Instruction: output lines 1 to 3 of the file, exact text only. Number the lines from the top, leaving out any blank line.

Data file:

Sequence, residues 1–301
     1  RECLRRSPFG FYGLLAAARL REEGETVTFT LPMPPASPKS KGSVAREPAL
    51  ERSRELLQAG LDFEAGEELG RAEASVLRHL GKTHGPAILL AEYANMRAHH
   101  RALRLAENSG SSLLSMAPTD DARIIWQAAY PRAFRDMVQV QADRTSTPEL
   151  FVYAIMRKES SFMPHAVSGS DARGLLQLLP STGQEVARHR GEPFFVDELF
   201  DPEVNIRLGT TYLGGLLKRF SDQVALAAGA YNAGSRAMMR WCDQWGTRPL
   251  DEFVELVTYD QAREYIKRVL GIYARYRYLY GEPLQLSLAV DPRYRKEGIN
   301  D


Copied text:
Sequence, residues 1–301
     1  RECLRRSPFG FYGLLAAARL REEGETVTFT LPMPPASPKS KGSVAREPAL
    51  ERSRELLQAG LDFEAGEELG RAEASVLRHL GKTHGPAILL AEYANMRAHH